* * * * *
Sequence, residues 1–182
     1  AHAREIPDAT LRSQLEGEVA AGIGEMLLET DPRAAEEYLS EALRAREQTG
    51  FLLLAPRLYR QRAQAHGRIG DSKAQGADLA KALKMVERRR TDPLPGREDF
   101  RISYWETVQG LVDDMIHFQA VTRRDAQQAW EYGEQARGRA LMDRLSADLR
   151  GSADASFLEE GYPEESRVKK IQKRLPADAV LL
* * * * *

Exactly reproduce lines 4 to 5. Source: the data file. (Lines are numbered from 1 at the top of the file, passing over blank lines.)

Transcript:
   101  RISYWETVQG LVDDMIHFQA VTRRDAQQAW EYGEQARGRA LMDRLSADLR
   151  GSADASFLEE GYPEESRVKK IQKRLPADAV LL